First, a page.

One by one, as Vietnam War veterans entered the sanctuary at Candlelight Christian Fellowship on Tuesday, they said their name into the microphone, as reported by our news partners, the Coeur d'Alene Press.
It continued as about 150 men and women walked in. Some used canes. A few were in wheelchairs. Some said their name quietly. A few shouted “Semper Fi!” Others cried “Hoorah!”
The greeting from the adoring crowd was the same: Applause. Cheers. Smiles.
It was an overdue welcome home.
“Many of these veterans returned home with little or no fanfare or expression of appreciation,” said Barb Nelson, event chair with Lt. George Farragut Chapter of The Daughters of the American Revolution. “Many were treated very disrespectfully. We welcome them now as they should have been welcomed.”
The tribute, “Soldiers of Vietnam - Welcome Home,” celebrated the fifth anniversary of National Vietnam War Veterans Day.
The two-hour patriotic program included songs, speeches, stories, video clips, a pin presentation, a wreath ceremony, prayers and concluded with the playing of taps.
It was attended by about 350 people and livestreamed for those at home.
Henry Gallego, who served in the first Combat Battalion in Vietnam and served from 1965 to 1969, said the event “was healing.”
“I’m very thankful for that,” the Priest River man said.
In Vietnam, Gallego said he crawled through small tunnels, bringing back bodies while facing cobras, scorpions, spiders and the Viet Cong.
The enemy was hard to find. He said they dug tunnels with small hatches. They would open them a few inches, shoot advancing Marines and disappear.
The reward for his service?
When he returned home, people spit on him and called him names.
“All we ever got when we came back from Vietnam was ‘Go back baby killers,’” Gallego said.
He said he suffers from PTSD, but remains proud of his service.
“I’ve always been a Marine,” he said.
Al Holm, who served in the Coast Guard from 1953 to 1961, was pleased to be part of it.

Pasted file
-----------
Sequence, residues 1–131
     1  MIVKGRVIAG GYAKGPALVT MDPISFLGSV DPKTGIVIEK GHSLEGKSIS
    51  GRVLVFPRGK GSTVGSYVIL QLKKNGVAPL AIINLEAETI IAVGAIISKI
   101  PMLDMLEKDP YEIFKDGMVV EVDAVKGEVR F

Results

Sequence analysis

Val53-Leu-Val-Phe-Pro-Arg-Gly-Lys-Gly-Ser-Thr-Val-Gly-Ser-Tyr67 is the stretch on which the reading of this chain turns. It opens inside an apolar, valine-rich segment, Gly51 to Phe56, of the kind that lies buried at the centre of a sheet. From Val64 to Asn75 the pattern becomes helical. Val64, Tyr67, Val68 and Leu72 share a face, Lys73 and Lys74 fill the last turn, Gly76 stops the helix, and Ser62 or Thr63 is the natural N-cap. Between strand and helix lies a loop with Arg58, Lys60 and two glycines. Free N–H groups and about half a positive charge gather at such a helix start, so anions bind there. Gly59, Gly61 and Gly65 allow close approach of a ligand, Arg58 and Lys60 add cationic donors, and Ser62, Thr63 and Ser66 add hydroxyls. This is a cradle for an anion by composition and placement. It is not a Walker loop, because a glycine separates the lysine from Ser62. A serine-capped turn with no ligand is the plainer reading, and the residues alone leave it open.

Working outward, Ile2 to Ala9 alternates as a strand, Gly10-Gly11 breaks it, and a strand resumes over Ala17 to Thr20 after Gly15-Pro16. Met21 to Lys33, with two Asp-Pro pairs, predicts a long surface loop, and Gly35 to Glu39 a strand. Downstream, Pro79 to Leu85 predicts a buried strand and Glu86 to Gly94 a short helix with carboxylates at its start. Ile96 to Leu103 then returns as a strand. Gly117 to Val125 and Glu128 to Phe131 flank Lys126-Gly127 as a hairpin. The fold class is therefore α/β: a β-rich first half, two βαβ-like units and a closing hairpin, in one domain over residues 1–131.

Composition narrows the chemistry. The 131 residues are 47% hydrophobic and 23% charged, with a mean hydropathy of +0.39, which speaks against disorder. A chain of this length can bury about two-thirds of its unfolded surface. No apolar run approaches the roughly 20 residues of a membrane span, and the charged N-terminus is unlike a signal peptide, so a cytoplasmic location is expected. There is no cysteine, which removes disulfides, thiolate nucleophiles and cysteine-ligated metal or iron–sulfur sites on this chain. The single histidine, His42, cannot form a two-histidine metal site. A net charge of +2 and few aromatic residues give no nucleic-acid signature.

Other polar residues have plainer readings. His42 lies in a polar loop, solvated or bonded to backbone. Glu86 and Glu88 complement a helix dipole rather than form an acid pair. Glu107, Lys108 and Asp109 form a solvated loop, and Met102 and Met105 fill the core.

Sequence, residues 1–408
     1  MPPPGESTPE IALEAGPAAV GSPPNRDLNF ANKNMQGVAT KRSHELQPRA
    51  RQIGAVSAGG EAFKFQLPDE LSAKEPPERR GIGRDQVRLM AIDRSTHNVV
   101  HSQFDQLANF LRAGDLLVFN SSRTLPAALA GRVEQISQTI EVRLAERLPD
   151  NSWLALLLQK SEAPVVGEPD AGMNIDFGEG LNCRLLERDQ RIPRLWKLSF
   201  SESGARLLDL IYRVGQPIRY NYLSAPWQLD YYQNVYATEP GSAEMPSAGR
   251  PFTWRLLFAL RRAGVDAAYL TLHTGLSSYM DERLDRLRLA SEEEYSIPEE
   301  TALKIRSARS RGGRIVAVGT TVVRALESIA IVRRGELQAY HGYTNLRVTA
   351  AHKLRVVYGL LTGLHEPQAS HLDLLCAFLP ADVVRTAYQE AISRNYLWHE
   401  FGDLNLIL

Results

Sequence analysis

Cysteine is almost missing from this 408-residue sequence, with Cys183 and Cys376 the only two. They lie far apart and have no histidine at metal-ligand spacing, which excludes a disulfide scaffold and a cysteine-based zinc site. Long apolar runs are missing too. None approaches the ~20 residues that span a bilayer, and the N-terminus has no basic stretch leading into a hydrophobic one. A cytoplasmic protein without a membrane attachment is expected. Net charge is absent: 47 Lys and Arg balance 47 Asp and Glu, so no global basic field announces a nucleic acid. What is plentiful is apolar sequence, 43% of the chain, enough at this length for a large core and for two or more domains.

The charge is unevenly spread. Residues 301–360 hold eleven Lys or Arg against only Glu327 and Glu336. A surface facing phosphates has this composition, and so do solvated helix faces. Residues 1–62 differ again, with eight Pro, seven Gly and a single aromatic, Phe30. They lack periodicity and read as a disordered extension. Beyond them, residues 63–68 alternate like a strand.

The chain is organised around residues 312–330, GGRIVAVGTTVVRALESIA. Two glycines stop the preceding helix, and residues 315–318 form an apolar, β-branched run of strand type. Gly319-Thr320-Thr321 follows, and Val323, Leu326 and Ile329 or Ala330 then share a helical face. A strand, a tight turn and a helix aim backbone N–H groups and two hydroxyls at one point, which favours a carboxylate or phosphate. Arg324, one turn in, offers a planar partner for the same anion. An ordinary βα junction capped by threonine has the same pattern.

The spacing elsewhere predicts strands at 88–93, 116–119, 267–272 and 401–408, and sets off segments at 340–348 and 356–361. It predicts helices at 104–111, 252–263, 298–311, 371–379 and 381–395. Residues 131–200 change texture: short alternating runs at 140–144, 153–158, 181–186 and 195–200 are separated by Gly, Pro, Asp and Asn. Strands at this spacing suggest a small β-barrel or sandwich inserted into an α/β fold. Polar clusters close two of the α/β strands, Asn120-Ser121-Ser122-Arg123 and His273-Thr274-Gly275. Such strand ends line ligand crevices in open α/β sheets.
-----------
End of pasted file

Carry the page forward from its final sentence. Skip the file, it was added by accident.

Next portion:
“I think any recognition to any veteran of any war deserves a little thank you. It’s appreciated,” he said.
The Vietnam War Veterans Recognition Act of 2017 was signed into law by 45th U.S. President Donald Trump designating every March 29 as National Vietnam War Veterans Day.
The United States of America Vietnam War Commemoration honors veterans who served on active duty in the U.S. Armed Forces at any time from Nov. 1, 1955 to May 15, 1975, regardless of location.
The Department of Veterans Affairs estimates there are more than six million U.S. Vietnam veterans living in America and aboard.
Gail Richison of Post Falls, whose husband Tom Richison served in the Army from 1970 to 1974, said, “It’s amazing what Idaho does” to honor veterans.
She said her husband was recently in a store, wearing his military cap, and a young man told him, “Thank you for your service.
“My husband almost fell over. He didn’t know what to think because it never happened before,” Gail Richison said. “It happens here all the time.”
Dean Morfitt of Coeur d’Alene served with the 10th Mountain Division from 1986 to 1989.
He said the ceremony gave soldiers a chance to share their stories. It lets them know they’re not alone and helps them deal with the death and destruction that they survived.
“I think it’s a way to take some of the weight off of the veterans,” Morfitt said.
He said it’s important for the younger generation to learn about the Vietnam War, those who fought it and how it affects them today.
“Why we are at where we are at now,” he said.
David Morgensen was a combat salvage diver with the Navy from 1965 to 1970. Tuesday’s celebration, he said, “was a long time coming. Well presented. It gives us a good feeling.”
Retired USMC Lt. Col. Kenny Moore said it was wonderful to be recognized.
“That was the first time I’ve ever been thanked for what happened in Vietnam,” he said.
Moore said they never lost a battle in eight years.
“We lost the war because of politicians. All of us feel the same way,” he said.
Nelson was delighted with how the day went and that so many veterans were honored.
“I'm really proud of all the Daughters of the American Revolution and their dedication to make our event such a success,” she said.